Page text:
April 23, 2013
The 7th Circuit’s recent decision, In re Porayko, No. 12-2777 (7th Cir. 2013), reminds us that the citation to discover assets remains a powerful weapon in the creditor’s arsenal. Porayko holds that service of a citation on the debtor creates a lien on his bank accounts under Illinois law.
A judgment creditor in Illinois may serve a citation to discover assets on either the judgment debtor or a third party who holds property of-or owes money to-the debtor. Service of a citation on the debtor automatically creates a lien on all of his nonexempt personal property, including bank accounts and other intangible assets. The lien thus attaches to everything for automobiles to shares of stock. The citation lien also reaches the debtor’s after acquired personal property, including money which becomes payable to the debtor after the citation is served.
Similarly, a citation served on a third party creates a lien on all non-exempt personal property of the debtor held or controlled by the third party and on any money due from the third party to the debtor. Once again, the lien extends to assets that the third party receives at any time after service until disposition of the citation.
Porayko reminds creditors that the value of a checking account is personal property of the debtor. So it is subject to a citation lien under Illinois law. The creditor in Porayko prevailed over the debtor’s trustee in bankruptcy, who sought to avoid a lien created when the creditor served a citation on the debtor’s bank. The citation served on the bank froze the account prior to bankruptcy. Since the lien arose during the preference period, the trustee claimed he could avoid the lien. But the creditor had also served a citation on the debtor outside the preference period. As Judge Easterbrook noted, the initial citation created a lien on all of the debtor’s personal property, including funds in his bank account. The trustee could not avoid this lien because it antedated the preference period. Thus, money remaining in the account when the debtor filed bankruptcy remained subject to a valid citation.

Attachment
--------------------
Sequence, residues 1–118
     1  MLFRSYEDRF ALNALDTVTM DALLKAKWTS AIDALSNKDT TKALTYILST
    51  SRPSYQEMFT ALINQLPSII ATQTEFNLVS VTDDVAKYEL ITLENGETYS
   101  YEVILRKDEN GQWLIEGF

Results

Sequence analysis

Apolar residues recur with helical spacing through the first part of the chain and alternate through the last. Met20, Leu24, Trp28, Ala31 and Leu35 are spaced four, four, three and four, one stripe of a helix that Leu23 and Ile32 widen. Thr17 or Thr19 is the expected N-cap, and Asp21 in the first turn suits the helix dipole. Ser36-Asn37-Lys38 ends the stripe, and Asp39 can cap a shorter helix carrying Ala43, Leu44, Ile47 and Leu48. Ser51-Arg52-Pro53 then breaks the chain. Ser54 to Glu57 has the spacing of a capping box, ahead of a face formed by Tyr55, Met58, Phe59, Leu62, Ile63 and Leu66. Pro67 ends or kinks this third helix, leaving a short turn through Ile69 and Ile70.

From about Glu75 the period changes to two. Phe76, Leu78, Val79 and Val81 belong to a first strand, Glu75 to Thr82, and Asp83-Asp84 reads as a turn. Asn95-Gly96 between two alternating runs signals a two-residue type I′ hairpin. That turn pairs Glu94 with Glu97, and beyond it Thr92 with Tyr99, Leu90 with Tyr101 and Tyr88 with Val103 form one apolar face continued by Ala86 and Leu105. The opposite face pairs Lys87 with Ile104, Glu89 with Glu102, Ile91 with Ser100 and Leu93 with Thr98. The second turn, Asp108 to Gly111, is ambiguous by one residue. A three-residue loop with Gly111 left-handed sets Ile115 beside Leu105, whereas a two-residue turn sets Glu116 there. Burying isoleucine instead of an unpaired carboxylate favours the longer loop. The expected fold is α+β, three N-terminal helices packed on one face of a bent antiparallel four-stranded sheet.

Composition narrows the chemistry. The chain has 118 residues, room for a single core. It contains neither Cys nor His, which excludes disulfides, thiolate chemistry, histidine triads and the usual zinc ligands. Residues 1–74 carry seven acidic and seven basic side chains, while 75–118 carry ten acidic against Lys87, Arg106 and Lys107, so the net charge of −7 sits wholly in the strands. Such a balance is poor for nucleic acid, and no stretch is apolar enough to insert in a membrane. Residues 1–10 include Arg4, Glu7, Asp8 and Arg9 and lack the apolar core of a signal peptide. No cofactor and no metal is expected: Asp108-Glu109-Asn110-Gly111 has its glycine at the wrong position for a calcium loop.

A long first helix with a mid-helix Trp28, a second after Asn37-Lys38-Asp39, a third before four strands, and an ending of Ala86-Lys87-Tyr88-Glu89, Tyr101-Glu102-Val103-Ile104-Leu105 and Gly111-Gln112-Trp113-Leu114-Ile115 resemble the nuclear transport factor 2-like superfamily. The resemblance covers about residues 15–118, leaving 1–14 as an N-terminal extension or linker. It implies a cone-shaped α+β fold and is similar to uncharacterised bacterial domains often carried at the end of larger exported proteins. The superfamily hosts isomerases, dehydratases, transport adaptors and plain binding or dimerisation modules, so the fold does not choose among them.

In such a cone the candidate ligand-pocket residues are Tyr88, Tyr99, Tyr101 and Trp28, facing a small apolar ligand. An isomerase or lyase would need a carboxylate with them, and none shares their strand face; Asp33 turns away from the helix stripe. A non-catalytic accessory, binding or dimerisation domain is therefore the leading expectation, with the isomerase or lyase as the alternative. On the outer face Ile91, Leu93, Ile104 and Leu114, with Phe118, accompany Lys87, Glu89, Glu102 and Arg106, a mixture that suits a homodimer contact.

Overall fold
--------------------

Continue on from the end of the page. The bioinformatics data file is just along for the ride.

What about funds withdrawn from the account between the time the creditor served the citation on the debtor and time the bank was served? In Porayko, the debtor withdrew funds after he was served but before the bank was. The creditor’s lien on those funds lapsed; the bank was free to honor drafts on the account until the bank itself was served with a citation. So Porayko also illustrates the importance of serving the bank as soon as the account is discovered-otherwise, the bank will continue paying the judgment debtor’s checks, and the account may be depleted.
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